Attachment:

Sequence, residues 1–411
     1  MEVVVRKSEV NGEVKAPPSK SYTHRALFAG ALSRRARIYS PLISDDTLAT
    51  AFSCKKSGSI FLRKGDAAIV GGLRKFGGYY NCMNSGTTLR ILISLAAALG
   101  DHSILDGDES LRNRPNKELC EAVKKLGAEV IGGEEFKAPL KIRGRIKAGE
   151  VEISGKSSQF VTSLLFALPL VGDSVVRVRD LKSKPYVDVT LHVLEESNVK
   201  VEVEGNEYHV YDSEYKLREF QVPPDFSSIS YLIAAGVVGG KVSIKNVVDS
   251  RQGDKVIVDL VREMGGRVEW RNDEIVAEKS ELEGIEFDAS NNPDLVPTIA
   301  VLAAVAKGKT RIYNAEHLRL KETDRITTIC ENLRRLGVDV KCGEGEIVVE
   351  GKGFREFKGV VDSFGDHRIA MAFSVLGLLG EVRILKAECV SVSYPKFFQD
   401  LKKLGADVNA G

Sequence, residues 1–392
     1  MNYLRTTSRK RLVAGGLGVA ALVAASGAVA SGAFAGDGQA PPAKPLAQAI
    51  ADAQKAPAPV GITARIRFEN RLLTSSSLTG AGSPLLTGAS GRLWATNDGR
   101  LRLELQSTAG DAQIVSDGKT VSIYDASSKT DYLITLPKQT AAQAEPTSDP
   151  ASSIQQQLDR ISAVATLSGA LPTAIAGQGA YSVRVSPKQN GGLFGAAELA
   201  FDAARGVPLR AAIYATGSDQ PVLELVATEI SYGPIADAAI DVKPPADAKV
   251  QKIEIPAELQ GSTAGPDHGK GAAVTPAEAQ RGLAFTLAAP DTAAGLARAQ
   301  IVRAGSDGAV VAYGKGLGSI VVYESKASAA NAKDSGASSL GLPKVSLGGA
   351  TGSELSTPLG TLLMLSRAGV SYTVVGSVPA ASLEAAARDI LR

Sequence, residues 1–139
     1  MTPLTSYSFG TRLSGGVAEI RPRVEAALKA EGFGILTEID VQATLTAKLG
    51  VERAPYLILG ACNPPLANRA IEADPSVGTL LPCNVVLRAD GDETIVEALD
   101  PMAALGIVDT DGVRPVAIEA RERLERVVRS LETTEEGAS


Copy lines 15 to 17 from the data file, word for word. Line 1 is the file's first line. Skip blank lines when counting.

   151  ASSIQQQLDR ISAVATLSGA LPTAIAGQGA YSVRVSPKQN GGLFGAAELA
   201  FDAARGVPLR AAIYATGSDQ PVLELVATEI SYGPIADAAI DVKPPADAKV
   251  QKIEIPAELQ GSTAGPDHGK GAAVTPAEAQ RGLAFTLAAP DTAAGLARAQ